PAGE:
Aircraft engineering plays a key role in Russia’s defence potential and national security. By 2025, the share of aircraft equipment in the global arms exports is expected to reach over 70%. Currently, the sector’s defence segment remains stable but civil aviation is weak, with the exception of helicopter engineering and production of aircraft components. Since 2005, there has been a considerable growth in budgetary allocations for the aircraft industry. Supporting the sector during the global economic crisis has allowed us to preserve the growth trend and maintain the stability of aircraft enterprises. We have managed to achieve a great deal. We have started the batch manufacturing of the Sukhoi Superjet aircraft, the first post-Soviet civil airliner. The project was based on the principles of large-scale international cooperation, with global market orientation. For the first time in Russia, the design was made solely with the use of digital resources. The PowerJet SaM146 turbofan engine for this jet was developed together with our French partners. Our other efforts include developing and testing the Il-476 military transport aircraft, designing the fifth generation fighter aircraft and commissioning the new Mi-28N attack helicopter. However, we have failed to reach the planned indicators for civil aircraft batch manufacturing due to certain factors that limit our competitiveness.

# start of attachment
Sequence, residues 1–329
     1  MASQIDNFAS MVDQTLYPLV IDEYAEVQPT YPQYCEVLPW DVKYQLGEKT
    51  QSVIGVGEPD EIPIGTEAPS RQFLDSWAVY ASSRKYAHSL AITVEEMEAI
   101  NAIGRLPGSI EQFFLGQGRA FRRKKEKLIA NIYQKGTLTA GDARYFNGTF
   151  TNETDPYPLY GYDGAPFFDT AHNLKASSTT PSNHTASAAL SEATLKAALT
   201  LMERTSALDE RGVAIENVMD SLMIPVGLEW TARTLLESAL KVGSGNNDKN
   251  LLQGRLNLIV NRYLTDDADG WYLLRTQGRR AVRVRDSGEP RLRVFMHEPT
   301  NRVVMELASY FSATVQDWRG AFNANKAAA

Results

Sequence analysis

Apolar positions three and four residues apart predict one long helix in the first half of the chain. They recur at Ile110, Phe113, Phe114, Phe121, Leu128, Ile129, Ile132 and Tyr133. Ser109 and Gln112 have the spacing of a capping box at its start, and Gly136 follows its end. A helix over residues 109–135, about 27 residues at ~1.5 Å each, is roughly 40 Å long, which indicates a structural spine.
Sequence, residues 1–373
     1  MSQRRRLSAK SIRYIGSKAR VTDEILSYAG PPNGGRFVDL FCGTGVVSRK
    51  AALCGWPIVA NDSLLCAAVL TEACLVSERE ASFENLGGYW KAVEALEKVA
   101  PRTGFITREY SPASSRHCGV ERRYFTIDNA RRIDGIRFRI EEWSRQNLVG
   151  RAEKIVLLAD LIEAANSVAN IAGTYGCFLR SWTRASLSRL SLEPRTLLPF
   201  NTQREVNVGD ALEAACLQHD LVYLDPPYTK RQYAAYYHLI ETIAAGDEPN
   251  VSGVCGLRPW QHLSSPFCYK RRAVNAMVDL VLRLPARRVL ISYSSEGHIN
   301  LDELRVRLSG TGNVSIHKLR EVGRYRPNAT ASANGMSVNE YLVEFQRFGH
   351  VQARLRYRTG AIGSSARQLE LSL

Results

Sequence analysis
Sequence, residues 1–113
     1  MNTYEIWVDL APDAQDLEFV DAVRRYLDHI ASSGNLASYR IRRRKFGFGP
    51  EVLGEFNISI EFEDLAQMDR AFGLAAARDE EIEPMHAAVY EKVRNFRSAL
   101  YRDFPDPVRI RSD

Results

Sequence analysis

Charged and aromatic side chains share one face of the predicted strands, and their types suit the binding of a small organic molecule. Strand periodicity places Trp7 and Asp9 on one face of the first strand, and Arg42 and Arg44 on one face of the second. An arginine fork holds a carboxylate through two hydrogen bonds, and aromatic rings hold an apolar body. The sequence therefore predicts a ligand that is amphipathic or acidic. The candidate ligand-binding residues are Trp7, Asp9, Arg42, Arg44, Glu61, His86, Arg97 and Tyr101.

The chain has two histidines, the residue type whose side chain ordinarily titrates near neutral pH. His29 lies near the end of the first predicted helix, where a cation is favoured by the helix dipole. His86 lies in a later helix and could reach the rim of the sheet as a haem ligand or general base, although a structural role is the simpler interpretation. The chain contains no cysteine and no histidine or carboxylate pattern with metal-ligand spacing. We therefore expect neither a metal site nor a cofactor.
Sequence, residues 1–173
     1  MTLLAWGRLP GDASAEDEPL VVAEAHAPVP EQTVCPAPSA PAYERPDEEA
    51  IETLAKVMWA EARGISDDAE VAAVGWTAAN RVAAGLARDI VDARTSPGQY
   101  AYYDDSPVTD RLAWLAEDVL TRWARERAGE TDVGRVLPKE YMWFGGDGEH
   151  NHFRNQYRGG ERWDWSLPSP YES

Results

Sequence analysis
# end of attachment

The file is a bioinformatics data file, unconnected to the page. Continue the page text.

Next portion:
The aim of the present programme is to create a competitive aircraft industry, which will lead to a gradual increase in the share of Russia-produced commercial aircraft on the global market, while our position in the military sector will remain stable.
To achieve this goal, it is necessary to meet four key objectives. First, we must make organisational changes that will foster the sector’s efficient development. Russian enterprises must become global level companies. We must improve corporate governance efficiency and complete the restructuring of assets in the sector. It is also necessary to establish an efficient system of post-sale support, as well as a supplier system and a corporate research centres network, to secure the growth of the aircraft engineering market.